Although internships, apprenticeships and graduate schemes all provide hands-on training, there are distinct differences between the three. Each of these programmes are tailored to suit a different type of person based on a range of factors such as their education level, the amount of time they’re willing to dedicate to the training and their age. All three of these programmes are valuable ways to gain work experience within a wide range of industries. In this blog we’ll take a look at their key differences and advantages.
A graduate scheme is a programme that provides graduates with entry level roles within a company. These programmes are designed to give graduates on-the-job training to gain the skills and experience they need to work within a specific industry. These schemes typically last between one to three years, and the majority of employers will offer you a full time, permanent position once you have completed a graduate scheme within their company.
Graduate schemes are full time, paid positions. Typically, a graduate scheme will pay anywhere from £22,000 - £30,000. Although some companies will pay much more – Aldi offers a graduate scheme with a starting salary of £44,000! There is a common myth that these programmes are only available to recent graduates, but this is not the case – if you took a gap year after university or worked in a different sector for a while you will still be eligible for most graduate schemes.
Apprenticeships differ from graduate schemes in that they’re open to people who haven’t pursued higher education, too. An apprentice will typically receive training from an apprenticeship provider, an employer or a college. During this time they will work towards a qualification over the course of one to four years. There is a misconception that apprenticeships are only for specific trades such as joinery or plumbing, but this isn’t true. Increasingly more apprenticeships have become available in many industries and there are now programmes for careers in accountancy, engineering and even law.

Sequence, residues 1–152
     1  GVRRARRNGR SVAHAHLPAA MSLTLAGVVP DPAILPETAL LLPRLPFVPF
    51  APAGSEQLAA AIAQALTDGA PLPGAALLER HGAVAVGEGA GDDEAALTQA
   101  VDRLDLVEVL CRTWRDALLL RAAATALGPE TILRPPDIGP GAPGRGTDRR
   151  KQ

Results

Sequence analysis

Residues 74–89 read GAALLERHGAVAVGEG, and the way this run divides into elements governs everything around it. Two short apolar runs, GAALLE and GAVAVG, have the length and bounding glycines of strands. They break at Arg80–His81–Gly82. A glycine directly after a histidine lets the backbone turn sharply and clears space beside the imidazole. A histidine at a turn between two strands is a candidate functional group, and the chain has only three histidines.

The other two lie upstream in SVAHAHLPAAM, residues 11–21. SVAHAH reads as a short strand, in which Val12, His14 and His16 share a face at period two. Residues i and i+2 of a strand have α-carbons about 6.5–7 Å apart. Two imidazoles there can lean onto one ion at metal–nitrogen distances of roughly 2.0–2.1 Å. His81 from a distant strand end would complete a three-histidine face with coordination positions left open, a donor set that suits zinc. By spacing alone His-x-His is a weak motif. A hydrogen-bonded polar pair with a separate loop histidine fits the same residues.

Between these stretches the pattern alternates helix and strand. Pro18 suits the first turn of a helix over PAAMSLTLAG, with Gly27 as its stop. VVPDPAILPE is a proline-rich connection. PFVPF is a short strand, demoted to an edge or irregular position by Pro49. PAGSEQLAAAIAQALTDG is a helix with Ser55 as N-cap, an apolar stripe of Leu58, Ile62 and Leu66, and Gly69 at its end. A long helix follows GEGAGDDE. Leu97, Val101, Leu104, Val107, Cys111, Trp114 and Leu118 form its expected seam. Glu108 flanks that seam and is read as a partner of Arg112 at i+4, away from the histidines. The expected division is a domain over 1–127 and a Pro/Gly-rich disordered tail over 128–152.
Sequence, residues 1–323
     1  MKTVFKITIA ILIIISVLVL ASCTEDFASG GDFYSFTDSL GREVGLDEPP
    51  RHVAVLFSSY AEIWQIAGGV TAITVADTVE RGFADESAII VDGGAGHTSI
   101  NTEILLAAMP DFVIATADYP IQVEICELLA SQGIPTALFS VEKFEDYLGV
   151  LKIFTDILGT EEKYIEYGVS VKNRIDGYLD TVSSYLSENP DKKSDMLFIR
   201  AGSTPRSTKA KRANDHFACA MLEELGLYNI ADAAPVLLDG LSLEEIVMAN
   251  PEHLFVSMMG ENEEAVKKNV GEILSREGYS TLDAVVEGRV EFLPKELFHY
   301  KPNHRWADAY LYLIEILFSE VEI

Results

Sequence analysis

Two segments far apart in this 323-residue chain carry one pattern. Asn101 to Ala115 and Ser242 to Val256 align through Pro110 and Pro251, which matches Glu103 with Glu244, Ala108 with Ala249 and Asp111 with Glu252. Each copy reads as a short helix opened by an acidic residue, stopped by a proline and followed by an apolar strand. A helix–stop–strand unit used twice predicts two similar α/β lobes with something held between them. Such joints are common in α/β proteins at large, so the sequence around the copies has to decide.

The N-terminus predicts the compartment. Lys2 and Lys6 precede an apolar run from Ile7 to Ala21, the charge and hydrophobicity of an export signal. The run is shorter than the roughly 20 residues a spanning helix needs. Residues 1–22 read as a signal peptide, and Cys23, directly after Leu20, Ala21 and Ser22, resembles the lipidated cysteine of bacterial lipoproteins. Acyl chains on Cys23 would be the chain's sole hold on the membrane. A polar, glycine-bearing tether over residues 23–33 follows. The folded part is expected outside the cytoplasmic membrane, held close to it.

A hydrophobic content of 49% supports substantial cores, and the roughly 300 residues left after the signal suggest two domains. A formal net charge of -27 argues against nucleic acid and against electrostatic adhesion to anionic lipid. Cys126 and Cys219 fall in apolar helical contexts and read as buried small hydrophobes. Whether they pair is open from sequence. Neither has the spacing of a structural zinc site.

Apprenticeships can be highly competitive because you will get paid a salary while you learn, unlike most internships. A permanent job is guaranteed at the end of an apprenticeship, too, as employers usually sponsor apprentices, so they will naturally hire the person they have invested time and money in. Apprenticeships have become widely recognised as an alternative to higher education in recent years, as they provide the opportunity to receive qualifications up to degree-level whilst working full time and not racking up huge amounts of debt.
We currently partner with one of Northern Ireland's leading apprenticeship providers, Craft Training. If you're interested in undertaking an apprenticeship, you can find more details on their programmes here, or you can keep up to date with their latest opportunities via their Facebook page.
Internships are aimed at current students and graduates who want to gain some work experience within an industry before embarking on a career. The duration of these programmes can be from one week up to a year. Unlike an apprenticeship, you will not receive any qualifications from an internship and you are not guaranteed a job at the end.
Internships are generally less structured than apprenticeships and graduate schemes due to their short duration. You can expect to gain skills and experience by carrying out basic responsibilities such as administrative duties, research and work shadowing. In the UK, if an internship lasts for more than one year or the intern is legally required to turn up to work then they will be paid at least the national minimum wage. Most internships don’t meet these requirements and are therefore unpaid, but many employers will provide interns with a stipend.
We have a range of jobs suited to job hunters at all stages of their careers, from entry level jobs to executive roles. You can browse our current vacancies by clicking the button below.